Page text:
Note: It is exceedingly difficult to get the absolute correct ratio of dough to filling. As a result, I usually manage to have dough left over. I never let this worry me, but think of it as a little extra treat. I simply divide the leftover dough into walnut sized balls, roll out, fill with a bit of crumbled feta and various bits such as pieces of Kalamata olive or strips of sun dried tomatoes or simply a sprinkling of herbs, fold over into a half-moon shape, wt the edges and pinch shut. Brush the pastries with the egg wash and bake in the 180 degrees C (350 degree F) oven for 20 minutes and lunch is ready!

16 April 2015
 
Update on Kallitsounia
 
Making these for Easter 2015, I varied the dough ingredients – substituting butter for the olive oil listed above. Also, in a general attempt to convert my recipes to metric, the following is generally by weight rather than cups (volume). The procedure and baking instructions are the same. The resulting kallitsounia had a softer, crumbly texture.
 
Dough:

  • 170g butter
  • 60g caster sugar
  • 150ml milk
  • juice from 1 small lemon
  • 1/2 teaspoon baking powder
  • 500g plain (all purpose) flour

 
Filling:

  • 500g ricotta
  • 60g sugar
  • 1 egg
  • 1 Tablespoon finely chopped mint

The assembly and baking procedureare the same as above.

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29 comments

    • They are good. True, the dough is a bit different, but it needs to be quite strong to hold the cheese in place. It’s more like a shortcrust pastry. I still haven’t got to the bottom of why Greek recipes soak their baking soda in lemon juice – need to bug my chemistry student son for some answers. Another odd ingredient sometimes in Greek baking is water soaked in wood ash (filtered and strained, of course – who would want bits of charcoal in their cookies?).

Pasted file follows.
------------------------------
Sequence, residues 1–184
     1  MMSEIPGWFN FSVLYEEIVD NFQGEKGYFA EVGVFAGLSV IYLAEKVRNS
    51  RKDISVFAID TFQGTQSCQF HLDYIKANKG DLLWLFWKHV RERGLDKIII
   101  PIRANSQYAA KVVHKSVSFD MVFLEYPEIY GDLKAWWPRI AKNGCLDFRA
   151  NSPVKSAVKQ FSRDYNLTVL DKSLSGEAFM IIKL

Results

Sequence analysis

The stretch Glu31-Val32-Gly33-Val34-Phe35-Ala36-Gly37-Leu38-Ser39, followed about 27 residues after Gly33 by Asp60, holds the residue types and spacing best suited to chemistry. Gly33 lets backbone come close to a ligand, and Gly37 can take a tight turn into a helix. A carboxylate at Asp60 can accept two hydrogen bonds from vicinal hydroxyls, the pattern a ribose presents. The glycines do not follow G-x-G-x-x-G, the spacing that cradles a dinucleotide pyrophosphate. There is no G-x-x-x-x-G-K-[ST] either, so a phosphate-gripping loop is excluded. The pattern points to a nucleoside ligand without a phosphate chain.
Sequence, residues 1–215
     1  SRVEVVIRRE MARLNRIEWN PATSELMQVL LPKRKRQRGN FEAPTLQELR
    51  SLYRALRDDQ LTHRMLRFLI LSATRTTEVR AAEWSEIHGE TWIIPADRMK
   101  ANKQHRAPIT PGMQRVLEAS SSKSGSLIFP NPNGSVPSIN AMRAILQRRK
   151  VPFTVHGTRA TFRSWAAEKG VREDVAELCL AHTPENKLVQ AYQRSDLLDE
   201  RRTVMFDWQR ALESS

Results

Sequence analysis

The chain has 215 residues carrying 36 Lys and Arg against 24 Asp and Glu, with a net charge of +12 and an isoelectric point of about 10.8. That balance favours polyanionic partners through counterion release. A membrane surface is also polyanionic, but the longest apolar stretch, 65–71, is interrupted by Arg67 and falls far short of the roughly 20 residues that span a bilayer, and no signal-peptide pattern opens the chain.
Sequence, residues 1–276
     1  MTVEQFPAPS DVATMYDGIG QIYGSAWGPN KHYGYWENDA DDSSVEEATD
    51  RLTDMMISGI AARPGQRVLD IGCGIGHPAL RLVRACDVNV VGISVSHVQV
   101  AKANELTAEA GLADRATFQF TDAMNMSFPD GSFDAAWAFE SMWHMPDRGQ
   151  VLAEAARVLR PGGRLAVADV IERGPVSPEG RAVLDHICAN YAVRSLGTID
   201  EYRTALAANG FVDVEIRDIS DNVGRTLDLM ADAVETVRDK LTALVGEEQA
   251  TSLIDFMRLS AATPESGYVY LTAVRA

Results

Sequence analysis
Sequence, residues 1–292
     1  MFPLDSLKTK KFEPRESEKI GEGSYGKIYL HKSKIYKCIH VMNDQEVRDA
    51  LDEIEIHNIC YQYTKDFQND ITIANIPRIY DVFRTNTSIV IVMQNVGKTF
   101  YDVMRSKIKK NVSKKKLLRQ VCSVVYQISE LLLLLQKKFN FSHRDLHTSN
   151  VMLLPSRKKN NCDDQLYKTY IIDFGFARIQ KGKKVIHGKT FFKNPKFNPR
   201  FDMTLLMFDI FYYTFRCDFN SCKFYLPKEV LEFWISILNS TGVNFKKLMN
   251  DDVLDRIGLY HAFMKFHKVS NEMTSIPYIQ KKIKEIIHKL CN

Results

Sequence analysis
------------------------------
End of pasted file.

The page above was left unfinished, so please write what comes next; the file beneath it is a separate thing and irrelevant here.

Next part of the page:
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  1. These are so pretty! I’ve had other types of Greek cheese pies, but never ones quite like these. When do people typically eat these – breakfast? Dessert?

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    • There are many varieties of mini Cretan cheese pies – sweet and savoury. These ones are a seasonal treat. I’ve also been told that the mint in the filling is more typical of the east of the island. I suspect that they are treated as a snack – usually with coffee. I often have one for a quick breakfast. And, since we live in Britain, they are perfect for teatime!

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    • It was the perfect holiday! In Crete they often pair myzitha (their ricotta-like soft cheese) with mint, but someone told me once that it was more a preference of the Eastern part of the island. Whatever the case, it is a good combination.

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  2. These would make the perfect Easter treat or appetizer. When I visited Crete it was in late Summer and I thoroughly enjoyed my time there. Maybe one day I’ll go back for Easter. 🙂

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    • I love Crete. We’ve spent a lot of time there over the years and a various times of the year. Each season has its own charms. The kallitsounia are one of the charms of spring on the island, along with gorgeous wildflowers.